Thursday before the Rangers game, I put a snack cake on Rodney Gadsden’s head.
OK, I didn’t actually place it there. That job fell to a girl named Tochi Zama Emeruen. Both fans had come to the game expecting to watch the Rangers go for a sweep of the Phillies and also learn about how weather works. Instead, they found themselves on the visiting dugout, engaged in hijinks.
“It was unexpected,” said Gadsden, who had come to game as a chaperone for his daughter Sierra’s school field trip.
Every year, the Rangers team with the meteorology staff at CBS-11 for a pregame event designed to teach schoolchildren about how weather phenomena work. Getting thousands of youngsters and adults seated before the show starts is by its nature somewhat of a drawn-out process, so I have traditionally assisted team mascot Rangers Captain in performing games and skits to warm up the spectators as they file in. Rangers Six Shooters help us select likely candidates to join us atop the dugout.
We usually have a lot of raised hands from which to choose. A couple of Six Shooters pulled Rodney and Tochi from their seats among the Newman International Academy traveling party. They had no idea what they were in for.
They would compete against two other pairs in the morning’s first game – snack cake stacking. Each adult had to kneel down and each kid had to unwrap a set of chocolate snack cakes and place it on the kneeler’s forehead. The first to successfully balance four total treats would win.
Tochi, who, like Sierra Gadsden, attends NIA, allowed that she was nervous. She doesn’t like to get up on stage and had never done this before, although, let’s face it, pretty much nobody has ever done this sort of thing before. It turns out she’s a natural snack-cake-piler, though, as she finished first. Rodney did his part by making an effort to “just stay still and let her do what she needed to do.”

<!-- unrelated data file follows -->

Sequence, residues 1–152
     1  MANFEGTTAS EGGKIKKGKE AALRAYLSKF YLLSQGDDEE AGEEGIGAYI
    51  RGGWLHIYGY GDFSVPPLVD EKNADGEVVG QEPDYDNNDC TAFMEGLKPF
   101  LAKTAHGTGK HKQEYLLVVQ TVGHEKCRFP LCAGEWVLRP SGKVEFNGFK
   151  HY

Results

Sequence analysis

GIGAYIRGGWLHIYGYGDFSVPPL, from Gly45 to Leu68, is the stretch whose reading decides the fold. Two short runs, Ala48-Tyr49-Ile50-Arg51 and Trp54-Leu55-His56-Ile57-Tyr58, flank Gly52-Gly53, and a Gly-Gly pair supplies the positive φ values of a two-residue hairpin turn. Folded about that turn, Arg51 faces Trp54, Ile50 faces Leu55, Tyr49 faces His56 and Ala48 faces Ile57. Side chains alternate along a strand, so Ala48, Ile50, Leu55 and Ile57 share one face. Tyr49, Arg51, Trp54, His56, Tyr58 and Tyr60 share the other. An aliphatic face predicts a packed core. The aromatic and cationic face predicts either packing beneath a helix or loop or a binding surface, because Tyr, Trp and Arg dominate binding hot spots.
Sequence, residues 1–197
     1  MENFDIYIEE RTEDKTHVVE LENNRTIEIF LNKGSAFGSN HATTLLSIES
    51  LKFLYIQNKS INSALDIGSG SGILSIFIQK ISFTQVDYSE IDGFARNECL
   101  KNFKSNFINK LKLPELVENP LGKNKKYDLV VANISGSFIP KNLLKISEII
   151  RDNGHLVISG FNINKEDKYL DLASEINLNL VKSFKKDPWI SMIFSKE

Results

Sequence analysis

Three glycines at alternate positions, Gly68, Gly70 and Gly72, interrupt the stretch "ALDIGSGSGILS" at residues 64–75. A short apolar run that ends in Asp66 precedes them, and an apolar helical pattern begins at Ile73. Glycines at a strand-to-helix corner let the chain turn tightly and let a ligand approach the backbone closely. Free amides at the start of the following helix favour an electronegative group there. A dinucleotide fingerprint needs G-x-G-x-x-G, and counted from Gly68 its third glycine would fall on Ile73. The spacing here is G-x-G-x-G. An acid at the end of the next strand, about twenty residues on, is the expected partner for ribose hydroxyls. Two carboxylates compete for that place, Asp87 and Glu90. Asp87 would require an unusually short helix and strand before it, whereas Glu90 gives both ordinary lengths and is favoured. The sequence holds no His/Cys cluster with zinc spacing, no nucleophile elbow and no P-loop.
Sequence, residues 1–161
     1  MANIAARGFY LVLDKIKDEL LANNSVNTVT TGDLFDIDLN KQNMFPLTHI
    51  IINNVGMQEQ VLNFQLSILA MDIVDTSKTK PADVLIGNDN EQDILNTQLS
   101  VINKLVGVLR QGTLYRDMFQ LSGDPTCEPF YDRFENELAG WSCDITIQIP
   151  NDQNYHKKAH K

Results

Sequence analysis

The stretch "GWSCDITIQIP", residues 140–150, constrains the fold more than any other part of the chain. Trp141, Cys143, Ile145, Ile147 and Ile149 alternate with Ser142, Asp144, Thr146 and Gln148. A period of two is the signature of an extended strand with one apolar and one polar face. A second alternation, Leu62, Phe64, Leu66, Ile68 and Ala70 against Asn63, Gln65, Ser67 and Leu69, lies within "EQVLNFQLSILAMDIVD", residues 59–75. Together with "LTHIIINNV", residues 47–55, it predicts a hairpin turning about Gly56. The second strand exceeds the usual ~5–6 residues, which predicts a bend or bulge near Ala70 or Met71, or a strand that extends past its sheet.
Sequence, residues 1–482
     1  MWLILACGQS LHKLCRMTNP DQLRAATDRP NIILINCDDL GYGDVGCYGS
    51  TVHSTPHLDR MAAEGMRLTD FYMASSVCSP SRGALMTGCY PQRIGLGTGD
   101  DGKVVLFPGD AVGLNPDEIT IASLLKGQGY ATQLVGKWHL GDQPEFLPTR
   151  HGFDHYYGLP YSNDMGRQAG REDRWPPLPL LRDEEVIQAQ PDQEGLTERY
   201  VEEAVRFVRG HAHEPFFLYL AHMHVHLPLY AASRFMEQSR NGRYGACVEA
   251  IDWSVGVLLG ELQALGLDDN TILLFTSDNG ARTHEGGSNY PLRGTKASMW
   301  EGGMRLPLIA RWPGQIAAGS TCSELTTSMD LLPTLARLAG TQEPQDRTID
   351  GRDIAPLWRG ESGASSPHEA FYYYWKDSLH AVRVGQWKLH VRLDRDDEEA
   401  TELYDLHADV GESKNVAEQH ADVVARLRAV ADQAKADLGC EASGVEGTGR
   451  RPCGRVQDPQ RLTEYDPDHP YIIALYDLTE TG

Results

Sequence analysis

A young lady named Caroline followed Tochi’s effort by managing to stack three apples in a few seconds (something Rangers Captain and I really didn’t think could be done). The final game involved kids pulling all the facial tissues out of a box with one hand and then it was time for the weathermen and women to do their thing.
“It was pretty interesting just to be a part of their fun and excitement,” said Gadsden afterwards. When you go to a ballgame, there’s always more to it than just watching the on-field action. You could end up on the kisscam, or try some new food concoction, or find yourself on the dugout with the mascot and thousands of people watching you as you attempt to pile sugary confections as skillfully as possible.
Rangers Captain and I agreed that these contests worked as well as any we had done, so expect to see more like them if you attend the Dallas Zoo’s Wildlife Education Day at the ballgame on June 22, or if you return to Weather Day next season.
One attends such events to do stuff one can’t do at home. For Tochi, that was the best part of her snack-game experience.
“We get to play with food, because our parents don’t allow us to play with food.”
Disclosure: The Rangers pay me to help plan and execute Weather Day festivities.